We meet at the office and they started asking me to help them get the best price for the house, what was the sellers bottom line, could I give them an idea what the house was worth, they would want a recommendation for a good home inspector, etc… Now these are all tasks a Massachuesetts buyer’s agent can perform in a single agency situation, but one a dual agent should not perform.
I can certainly write an offer for a buyer as a sellers agent with the understanding from the buyer that I am merely facilitating the offer and I represent the seller’s best interest. They are on their own. In no way am I representing them.
But these buyers wanted, and quite frankly, needed the full services a buyer’s agent can provide.
I will not generally work as a dual agent. Why? I feel the seller or buyer has hired me to represent them a certain way and I owe them that. I also believe that dual agency is very difficult to practice properly. It opens up liability for me and for my seller.
After I explained agency in full, we both decided it was best if I referred them out to another agency to be represented. Yes, I gave up half the commission, but it was the right thing to do.
Liability of Dual Agency
This is especially important to a seller, more so than a buyer in a dual agency transaction. Your agent is an extension of you and you are ultimately responsible for your agents actions. It is called vicarious liability.
With that said most real estate law suits come about over agency and/or property disclosure. When you have your listing agent and the buyer has a buyer’s agent there is a line between the two and provides you with the least amount of liability.
As a dual agent that line gets very, very grey. Is your agent practicing dual agency the way they are supposed to? Are they presenting any liability issues for you?
So What Should I Do If I Am Presented with Dual Agency?
Dual agency must be disclosed to both parties prior to even a showing. Both parties have the option of rejecting dual agency. I would say for the majority of home buyer’s and seller’s reject dual agency, you are giving up to many services that a single agency relationship provides you.
Agents that practice dual agency have several reasons that they throw around for it being a benefit.
Smoother Transaction- There may be some truth to that but in most cases there is much co-operation between the seller and the buyer’s agent. Both agents are working diligently to get the job done. Generally, if a deal is difficult it is not because there is another agent involved.
Savings- There is the thought that a buyer can save money by buying directly thru the list agent. Me personally and many agents I know…. not going to happen. Its twice the work and I am under contract for the same commission either way.
The only time I would even consider dual agency for a buyer and seller is if they are both savvy real estate buyers and sellers. For example if the buyer is an investor that has bought and sold a number of properties and a seller that has sold several properties.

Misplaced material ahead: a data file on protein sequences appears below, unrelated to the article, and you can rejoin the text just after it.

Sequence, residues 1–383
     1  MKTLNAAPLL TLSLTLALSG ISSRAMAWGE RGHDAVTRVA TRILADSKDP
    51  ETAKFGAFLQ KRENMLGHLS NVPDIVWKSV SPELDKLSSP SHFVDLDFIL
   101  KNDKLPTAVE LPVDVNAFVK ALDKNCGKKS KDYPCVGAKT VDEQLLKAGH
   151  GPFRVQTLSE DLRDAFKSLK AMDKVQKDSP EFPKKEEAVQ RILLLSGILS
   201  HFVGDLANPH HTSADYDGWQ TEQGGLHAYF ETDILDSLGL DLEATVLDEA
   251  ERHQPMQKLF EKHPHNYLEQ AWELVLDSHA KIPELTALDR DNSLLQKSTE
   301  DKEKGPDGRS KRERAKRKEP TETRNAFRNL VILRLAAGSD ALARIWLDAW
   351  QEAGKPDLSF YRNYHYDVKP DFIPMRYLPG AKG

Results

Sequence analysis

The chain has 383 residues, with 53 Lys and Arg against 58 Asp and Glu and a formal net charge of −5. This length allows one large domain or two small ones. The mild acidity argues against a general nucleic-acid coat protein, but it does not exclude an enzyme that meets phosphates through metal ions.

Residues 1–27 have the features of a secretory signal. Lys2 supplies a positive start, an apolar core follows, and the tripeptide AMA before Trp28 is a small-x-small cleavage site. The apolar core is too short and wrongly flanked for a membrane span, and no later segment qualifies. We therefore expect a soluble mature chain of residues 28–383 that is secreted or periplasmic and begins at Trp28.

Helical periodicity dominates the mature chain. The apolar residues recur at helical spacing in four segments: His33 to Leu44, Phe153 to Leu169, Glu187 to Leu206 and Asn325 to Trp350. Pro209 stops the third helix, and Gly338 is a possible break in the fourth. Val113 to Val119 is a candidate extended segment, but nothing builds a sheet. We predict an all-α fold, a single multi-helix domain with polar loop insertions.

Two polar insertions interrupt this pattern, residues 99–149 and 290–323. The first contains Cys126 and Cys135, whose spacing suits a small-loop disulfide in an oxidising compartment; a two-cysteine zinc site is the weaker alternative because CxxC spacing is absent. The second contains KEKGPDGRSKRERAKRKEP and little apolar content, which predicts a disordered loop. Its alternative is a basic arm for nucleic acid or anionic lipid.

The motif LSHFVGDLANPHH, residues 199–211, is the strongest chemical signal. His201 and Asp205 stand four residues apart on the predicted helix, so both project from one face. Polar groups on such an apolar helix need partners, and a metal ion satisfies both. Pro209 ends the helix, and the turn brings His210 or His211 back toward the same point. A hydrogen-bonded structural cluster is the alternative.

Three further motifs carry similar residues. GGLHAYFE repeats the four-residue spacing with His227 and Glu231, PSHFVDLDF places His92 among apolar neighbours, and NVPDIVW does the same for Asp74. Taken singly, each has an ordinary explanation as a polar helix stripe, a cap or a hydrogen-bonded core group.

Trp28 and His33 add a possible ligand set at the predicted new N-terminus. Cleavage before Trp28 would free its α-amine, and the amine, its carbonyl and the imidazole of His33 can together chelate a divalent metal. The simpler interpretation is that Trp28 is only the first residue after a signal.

But if this is your first or second time around the block, reject dual agency it is does not benefit you and you are giving up too many services from the agent who is supposed to represent you.
Summary of Dual Agency
Please, please take the time to understand real estate agency. I can’t tell you how misinformed real estate consumers, especially buyers, are on how an agent represents them. I have run into buyers, who are shocked to find out their agent doesn’t work for them or they are in a dual agency situation.
Dual Agency is a choice and you can choose to participate or not to participate. In the story above, that same buyer did go on to buy my sellers home and both parties were fully represented by agents.
Most of my buyers and sellers hire me partly because they are seeking quality advice, reassurance and guidance. I can’t always give you that in a dual agency situation. You are going to be on your own on a lot of the decisions that need to be made that a typical client would be looking for input on from their agent.
Personally I would not do it as a buyer or seller. There is absolutely no benefit to you in most cases.
As a last thought, I tell home buyers and sellers, you don’t know what you don’t know.
What My Counter Parts Have to Say About Dual Agency
- Bill Gassett, Hopkinton MA Dual Agency, cant do it. It is impossible to serve two masters in a real estate transaction who are sitting on the opposite sides of the table.
- Kyle Hiscock, Rochestor NY One of the potential drawbacks of dual agency in real estate is that some agents will do whatever it takes to make a deal because they are receiving the entire brokerage fee.
- Anita Clark A dual-agent, or a real estate representative of both the buyer and the seller, is likely torn between getting top dollar for their seller and supporting the budgetary interests of their buyer.
What Other Sites Have to Say About Dual Agency
- Realtor.com The biggest issue with dual agency is that having the same person represent both sides can be seen as an ethical dilemma
- Consumer Advocates in American Real Estate Dual Agency is a conflictive relationship that strips buyers and sellers of service to a level that can best be described as abandonment
- Washington Post Inherent in any dual agency is a conflict of interest, because the seller seeks the highest possible price and most seller-favorable terms
- Nolo.com But you want to avoid dual agency. If you’re going to pay a full commission, you want someone who fully represents your interests. If an agent asks you to consent to a dual agency, flatly deny the request
Dual Agency- Welcome to the Dark Side of Real Estate is provided by Kevin Vitali a Massachusetts REALTOR located in Tewksbury MA. If you would like to sell your home or buy a new home give me a call at 978-360-0422 and let’s get the process started.
Real Estate Services in the following areas: Northeast Massachusetts, Merrimack Valley, North Shore and Metrowest. Including the following communities and the surrounding area- Amesbury, Andover, Billerica, Burlington, Chelmsford, Dracut, Groveland, Haverhill, Lowell, Melrose, Merrimac, Methuen, Middleton, North Andover, North Reading, Reading, Stoneham, Tewksbury, Tyngsborough, Wakefield, Wilmington, Westford